The New Corona Virus

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The number of cases of patients infected with the new coronavirus as of January 24th has gone up to 1287, while there are now 13 places outside mainland China reported their first confirmed cases of coronavirus. In Indonesia, The Health Ministry’s disease prevention and monitoring director, Wiendra Waworuntu, confirmed that an Indonesian citizen was suspected to have the coronavirus after travelling from China.

Here’s what you need to know about corona virus!

WHAT IS A CORONAVIRUS?
The Wuhan virus belongs to a family of viruses known as coronaviruses. These viruses, named for the crown-like spikes on their surfaces, infect mostly bats, pigs and small mammals. But they mutate easily and can jump from animals to humans, and from one human to another. In recent years, they have become a growing player in infectious-disease outbreaks world-wide.

HOW IS THE VIRUS SPREAD AMONG HUMANS?
Seven strains are known to infect humans, including the virus in Wuhan. They can be spread by coughing, kissing or making contact with saliva, Chinese officials say. Four of the strains cause common colds. Two other strains, however, have been extremely deadly: Severe acute respiratory syndrome, known as SARS, and Middle East respiratory syndrome, or MERS, are coronaviruses.

WHAT ARE THE SYMPTOMS OF ILLNESS AND HOW DO YOU KNOW IF YOU HAVE IT?
Patients have had a fever, cough and other symptoms of pneumonia. Public-health officials have developed diagnostic tests, which are being used to confirm whether a patient has the Wuhan coronavirus or another infection. Five major airports in the U.S. are screening arriving international travelers for fever; those who have one are then screened for other symptoms.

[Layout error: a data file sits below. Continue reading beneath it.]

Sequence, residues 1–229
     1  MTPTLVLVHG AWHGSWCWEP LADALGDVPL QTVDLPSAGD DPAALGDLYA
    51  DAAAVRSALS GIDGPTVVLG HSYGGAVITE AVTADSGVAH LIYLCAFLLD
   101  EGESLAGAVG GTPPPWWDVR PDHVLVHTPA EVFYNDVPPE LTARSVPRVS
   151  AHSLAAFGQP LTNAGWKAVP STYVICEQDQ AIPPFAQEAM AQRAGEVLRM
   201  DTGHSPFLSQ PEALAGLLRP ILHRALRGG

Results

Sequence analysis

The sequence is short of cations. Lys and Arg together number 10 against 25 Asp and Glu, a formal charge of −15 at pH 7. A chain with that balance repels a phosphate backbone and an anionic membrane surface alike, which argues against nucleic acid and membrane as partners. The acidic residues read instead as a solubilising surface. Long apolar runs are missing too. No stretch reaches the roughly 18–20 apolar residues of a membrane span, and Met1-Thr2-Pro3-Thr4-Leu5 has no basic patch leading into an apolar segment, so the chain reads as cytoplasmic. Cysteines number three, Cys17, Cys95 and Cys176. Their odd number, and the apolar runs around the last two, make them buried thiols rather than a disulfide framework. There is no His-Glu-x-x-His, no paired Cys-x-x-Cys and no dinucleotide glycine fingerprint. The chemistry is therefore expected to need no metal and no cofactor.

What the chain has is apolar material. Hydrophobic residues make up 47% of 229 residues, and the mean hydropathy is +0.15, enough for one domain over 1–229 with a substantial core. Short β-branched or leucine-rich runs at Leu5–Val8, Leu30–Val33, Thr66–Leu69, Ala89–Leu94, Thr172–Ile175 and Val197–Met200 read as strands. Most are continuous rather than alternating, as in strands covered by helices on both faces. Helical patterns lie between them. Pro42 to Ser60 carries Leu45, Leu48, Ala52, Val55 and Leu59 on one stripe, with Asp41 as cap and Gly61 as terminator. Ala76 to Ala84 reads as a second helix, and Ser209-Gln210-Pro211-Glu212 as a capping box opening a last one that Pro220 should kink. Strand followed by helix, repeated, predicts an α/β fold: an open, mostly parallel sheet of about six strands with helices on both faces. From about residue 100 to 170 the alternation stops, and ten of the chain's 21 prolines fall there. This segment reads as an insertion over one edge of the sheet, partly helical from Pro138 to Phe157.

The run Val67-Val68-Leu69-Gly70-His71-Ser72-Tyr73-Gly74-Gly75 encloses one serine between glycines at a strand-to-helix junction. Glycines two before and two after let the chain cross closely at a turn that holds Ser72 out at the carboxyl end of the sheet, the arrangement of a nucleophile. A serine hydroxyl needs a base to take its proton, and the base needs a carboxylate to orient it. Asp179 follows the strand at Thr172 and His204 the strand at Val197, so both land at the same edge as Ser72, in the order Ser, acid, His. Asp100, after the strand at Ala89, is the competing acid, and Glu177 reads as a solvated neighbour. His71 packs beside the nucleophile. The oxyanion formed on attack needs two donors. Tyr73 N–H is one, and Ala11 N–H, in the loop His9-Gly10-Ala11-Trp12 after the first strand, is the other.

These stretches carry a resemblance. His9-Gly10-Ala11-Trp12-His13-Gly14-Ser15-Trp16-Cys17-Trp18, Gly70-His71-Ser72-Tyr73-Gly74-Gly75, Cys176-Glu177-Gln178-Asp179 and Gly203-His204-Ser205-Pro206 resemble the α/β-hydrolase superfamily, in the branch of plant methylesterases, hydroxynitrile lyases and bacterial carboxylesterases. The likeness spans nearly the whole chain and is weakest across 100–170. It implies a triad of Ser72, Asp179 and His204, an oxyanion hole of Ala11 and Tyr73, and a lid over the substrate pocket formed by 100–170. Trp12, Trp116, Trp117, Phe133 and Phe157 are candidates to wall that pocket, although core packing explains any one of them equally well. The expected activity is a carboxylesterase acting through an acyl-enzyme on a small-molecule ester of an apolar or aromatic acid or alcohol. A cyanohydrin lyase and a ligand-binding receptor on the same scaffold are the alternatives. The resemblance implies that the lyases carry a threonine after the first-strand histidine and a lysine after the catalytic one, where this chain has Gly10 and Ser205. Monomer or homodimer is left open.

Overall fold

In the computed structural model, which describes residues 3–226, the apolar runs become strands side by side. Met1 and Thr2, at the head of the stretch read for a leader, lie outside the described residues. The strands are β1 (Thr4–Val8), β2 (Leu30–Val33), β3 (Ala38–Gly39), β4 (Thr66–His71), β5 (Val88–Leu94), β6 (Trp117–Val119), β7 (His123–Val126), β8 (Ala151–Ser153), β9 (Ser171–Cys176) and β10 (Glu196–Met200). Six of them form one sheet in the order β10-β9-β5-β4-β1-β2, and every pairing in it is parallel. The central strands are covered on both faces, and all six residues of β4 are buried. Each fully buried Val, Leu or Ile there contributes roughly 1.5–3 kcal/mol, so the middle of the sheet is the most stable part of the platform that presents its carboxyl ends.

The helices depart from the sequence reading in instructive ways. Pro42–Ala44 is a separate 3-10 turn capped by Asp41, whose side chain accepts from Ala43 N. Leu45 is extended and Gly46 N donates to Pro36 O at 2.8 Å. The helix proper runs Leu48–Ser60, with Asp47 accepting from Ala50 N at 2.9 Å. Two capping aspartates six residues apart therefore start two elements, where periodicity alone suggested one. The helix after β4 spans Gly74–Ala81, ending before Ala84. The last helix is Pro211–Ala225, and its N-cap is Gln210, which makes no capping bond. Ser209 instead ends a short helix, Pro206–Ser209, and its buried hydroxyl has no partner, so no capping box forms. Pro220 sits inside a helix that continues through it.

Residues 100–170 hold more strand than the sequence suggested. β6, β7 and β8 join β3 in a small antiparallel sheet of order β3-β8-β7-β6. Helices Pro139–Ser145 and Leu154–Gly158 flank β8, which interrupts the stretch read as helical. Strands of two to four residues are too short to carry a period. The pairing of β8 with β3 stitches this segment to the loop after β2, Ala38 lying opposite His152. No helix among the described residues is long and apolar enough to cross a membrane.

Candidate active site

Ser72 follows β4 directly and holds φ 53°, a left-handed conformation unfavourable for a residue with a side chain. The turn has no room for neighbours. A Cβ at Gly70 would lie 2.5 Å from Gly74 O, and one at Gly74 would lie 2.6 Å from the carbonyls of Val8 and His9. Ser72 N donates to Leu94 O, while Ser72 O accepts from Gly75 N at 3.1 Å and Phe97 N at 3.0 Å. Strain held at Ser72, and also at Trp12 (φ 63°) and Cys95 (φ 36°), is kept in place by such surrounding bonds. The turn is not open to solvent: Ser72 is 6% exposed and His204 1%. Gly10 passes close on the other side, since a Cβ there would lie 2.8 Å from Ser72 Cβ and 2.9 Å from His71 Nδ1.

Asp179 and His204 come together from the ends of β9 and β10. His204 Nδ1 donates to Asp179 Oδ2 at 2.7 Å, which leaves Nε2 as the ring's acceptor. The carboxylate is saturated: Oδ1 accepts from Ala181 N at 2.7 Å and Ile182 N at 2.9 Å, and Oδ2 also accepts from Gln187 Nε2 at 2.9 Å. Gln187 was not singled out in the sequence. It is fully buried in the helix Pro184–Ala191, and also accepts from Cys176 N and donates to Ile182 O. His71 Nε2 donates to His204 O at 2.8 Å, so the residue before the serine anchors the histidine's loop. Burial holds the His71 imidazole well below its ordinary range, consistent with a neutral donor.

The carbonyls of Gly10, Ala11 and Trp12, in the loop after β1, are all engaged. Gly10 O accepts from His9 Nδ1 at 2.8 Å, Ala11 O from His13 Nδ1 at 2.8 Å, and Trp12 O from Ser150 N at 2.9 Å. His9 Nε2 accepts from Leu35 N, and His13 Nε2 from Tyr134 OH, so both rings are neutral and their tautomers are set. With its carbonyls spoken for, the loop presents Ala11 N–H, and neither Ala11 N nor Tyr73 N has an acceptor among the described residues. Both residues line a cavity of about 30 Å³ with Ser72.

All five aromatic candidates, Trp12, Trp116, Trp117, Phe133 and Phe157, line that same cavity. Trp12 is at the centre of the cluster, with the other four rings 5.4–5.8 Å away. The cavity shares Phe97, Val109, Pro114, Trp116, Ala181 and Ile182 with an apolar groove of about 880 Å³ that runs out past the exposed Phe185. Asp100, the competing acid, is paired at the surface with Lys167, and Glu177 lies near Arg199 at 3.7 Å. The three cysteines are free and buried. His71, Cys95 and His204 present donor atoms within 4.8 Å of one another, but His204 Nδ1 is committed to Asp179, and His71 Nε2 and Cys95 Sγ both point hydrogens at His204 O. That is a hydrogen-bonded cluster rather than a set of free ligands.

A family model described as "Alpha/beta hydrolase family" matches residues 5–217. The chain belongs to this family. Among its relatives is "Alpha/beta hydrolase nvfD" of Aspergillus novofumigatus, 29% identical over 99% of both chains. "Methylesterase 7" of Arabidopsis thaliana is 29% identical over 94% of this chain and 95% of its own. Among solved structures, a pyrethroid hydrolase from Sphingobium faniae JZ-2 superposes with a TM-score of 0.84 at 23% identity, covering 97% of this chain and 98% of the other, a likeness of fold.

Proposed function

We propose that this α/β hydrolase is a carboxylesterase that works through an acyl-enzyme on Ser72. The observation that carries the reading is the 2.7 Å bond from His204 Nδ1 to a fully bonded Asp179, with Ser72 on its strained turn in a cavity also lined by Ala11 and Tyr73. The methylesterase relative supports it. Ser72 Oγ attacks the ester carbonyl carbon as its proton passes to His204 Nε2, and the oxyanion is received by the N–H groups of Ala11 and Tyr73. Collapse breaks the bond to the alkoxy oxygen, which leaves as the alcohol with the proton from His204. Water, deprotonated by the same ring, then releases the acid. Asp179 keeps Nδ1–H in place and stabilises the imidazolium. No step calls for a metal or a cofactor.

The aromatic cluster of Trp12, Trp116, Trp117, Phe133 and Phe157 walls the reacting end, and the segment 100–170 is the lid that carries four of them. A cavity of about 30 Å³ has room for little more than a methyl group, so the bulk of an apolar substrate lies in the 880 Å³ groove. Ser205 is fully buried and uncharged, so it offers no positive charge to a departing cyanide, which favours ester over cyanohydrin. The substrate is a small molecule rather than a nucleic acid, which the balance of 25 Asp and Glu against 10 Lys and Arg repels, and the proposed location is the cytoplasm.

HOW DOES THE SEVERITY OF THE WUHAN VIRUS COMPARE WITH SARS AND MERS
So far, the Wuhan virus appears to be milder than SARS or MERS, though it has sickened some people severely and there have been deaths. MERS killed about a third of those infected, while SARS resulted in the deaths of about one in 10. By contrast, the mortality rate from the Wuhan virus is tracking at roughly 3%. Many patients who have died were over 60 years old, had other illnesses such as diabetes and were admitted to hospitals when their illness was advanced.

PREVENTION
If traveling to Wuhan, you should avoid contact with sick people, avoid dead or alive animals, animal markets or products that come from animals such as uncooked meat, according to the CDC. You should often wash hands with soap and water for at least 20 seconds, they wrote. If you are infected by the virus you can take steps to help avoid transmitting it to others such as isolating yourself at home, separating yourself from other people in the house, wearing a face mask, covering your coughs and sneezes and washing your hands, according to the CDC.

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Sources:

www.ncbi.nlm.nih.gov

www.wsj.com

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